Old Flaws, Weak Passwords Lead to Breaches

The Verizon Data Breach Investigations Report once again shows that shoddy security practices and lack of patching are at the heart of most breaches. The annual report, released April 26, provides visibility into the state of security and why breaches occur.

The 2016 report is based on Verizon's analysis of more than 100,000 security incidents, of which 2,260 were confirmed as data breaches. In contrast, the 2015 report received data from 79,790 security events, with 2,122 confirmed data breaches.

As was the case in the 2015 report, Verizon once again has found that little has changed in the breach landscape, with attackers using the same tactics and organizations failing in the same basic areas of security. Known vulnerabilities continue to be a root cause for many breaches, explained Suzanne Widup, senior consultant, Network and Information Security, Verizon RISK Team and a co-author of the DBIR. According to the DBIR, 85 percent of all successful exploits in the last year can be attributed to 10 already-patched vulnerabilities. In some cases, the patches have been available for years and there are vulnerabilities from 1999 that can still show up as root causes of breaches.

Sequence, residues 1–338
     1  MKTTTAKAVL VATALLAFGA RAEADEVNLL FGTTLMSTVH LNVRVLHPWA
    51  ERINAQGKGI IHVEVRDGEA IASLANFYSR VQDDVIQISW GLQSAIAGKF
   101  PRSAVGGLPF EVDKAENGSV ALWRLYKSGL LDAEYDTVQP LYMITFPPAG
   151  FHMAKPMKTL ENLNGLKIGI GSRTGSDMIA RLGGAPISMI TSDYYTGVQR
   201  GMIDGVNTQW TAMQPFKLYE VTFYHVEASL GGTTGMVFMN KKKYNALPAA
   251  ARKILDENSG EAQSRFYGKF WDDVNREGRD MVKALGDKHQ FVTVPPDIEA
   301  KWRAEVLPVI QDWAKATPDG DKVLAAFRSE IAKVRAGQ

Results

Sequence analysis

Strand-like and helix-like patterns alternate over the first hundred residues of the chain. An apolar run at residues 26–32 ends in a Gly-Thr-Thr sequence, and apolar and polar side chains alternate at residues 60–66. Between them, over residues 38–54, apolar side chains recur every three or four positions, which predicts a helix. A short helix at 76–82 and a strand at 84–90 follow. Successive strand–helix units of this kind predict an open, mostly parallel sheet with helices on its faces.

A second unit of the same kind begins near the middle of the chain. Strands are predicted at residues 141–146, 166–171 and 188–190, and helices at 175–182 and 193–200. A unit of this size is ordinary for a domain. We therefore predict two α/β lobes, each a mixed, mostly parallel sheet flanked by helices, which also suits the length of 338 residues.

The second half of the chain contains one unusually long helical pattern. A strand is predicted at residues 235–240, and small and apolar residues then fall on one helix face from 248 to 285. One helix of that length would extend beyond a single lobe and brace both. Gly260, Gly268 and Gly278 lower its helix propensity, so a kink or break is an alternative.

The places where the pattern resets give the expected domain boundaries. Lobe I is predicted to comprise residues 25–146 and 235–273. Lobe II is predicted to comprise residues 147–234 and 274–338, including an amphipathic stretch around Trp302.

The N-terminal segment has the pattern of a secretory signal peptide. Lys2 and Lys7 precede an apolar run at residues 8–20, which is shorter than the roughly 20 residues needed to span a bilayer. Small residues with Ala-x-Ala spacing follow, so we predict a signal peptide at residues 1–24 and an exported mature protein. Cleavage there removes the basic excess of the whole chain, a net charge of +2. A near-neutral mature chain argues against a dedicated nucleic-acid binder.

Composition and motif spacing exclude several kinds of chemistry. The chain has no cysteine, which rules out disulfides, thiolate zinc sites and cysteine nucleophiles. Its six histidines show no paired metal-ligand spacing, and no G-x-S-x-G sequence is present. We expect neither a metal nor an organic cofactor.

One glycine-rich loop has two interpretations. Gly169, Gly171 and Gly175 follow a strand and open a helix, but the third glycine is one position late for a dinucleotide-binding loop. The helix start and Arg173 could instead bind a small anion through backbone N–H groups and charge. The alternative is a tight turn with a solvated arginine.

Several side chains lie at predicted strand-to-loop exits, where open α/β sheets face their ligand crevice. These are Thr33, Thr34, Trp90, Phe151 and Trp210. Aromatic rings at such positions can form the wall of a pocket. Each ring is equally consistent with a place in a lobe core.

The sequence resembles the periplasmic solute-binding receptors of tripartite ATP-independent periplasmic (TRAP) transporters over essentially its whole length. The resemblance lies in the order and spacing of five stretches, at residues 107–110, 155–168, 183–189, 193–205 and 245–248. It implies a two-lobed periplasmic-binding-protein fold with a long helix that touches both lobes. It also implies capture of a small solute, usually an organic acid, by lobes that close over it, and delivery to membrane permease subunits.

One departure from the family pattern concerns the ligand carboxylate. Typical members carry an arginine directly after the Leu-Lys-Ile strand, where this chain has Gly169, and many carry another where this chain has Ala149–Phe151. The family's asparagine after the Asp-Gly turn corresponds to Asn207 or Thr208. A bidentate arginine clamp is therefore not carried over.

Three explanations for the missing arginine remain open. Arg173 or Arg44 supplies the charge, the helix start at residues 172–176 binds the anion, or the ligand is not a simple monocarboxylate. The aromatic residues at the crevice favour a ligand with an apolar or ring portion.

"Attackers are still exploiting old vulnerabilities really well, and they don't have to use zero-days," Widup told eWEEK. "There are a lot of things that really should have been patched a long time ago."

Web application attacks increased 33 percent in 2015 compared with 2014, and in 95 percent of these breaches, it was all in the name of financial gain. Web attacks rose this year to 82 percent—from 31 percent last year—against financial services firms, who along with information and retail industries, were hit most by these types of attacks, of which the report recorded 5,334 total incidents, 908 of which were data breaches.

Financial firms were hit with the most data breaches last year, with some 795 breaches, followed by the accommodation/hotel sector (282), information sector (194), public sector (193), retail (137) and healthcare (115). The decline in big-box retail hacks syncs with many retailers starting to beef up transaction security, including their point-of-sale (PoS) systems. Hotels, meanwhile, have been the new target for cybercriminals in the past year.

Attackers getting faster in their hacks, but victims are still slow to detect they’ve been hit. According to the DBIR, most attackers (82 percent) compromised victims within minutes, and about 67 percent pilfered data within days, while 21 percent did so within minutes.

According to the report, 30 percent of phishing messages were opened by organizations, compared with 23 percent in the 2015 report.
Meanwhile, Web attacks encompassed not only stolen credentials, but attacks via content management systems (CMS). “A lot of plug-ins have vulnerabilities. You have so many layers to worry about in a Web app,” including ensuring there aren’t input-validation flaws. “A lot of hacking stems from there,” Spitler says.

Some 95 percent of confirmed Web breaches were financially motivated, according to the report. “In attacks against ecommerce servers, web shells are used to access the payment application code and capture user input,” for example, the report said. CMSes are often the vector for installing those web shells.

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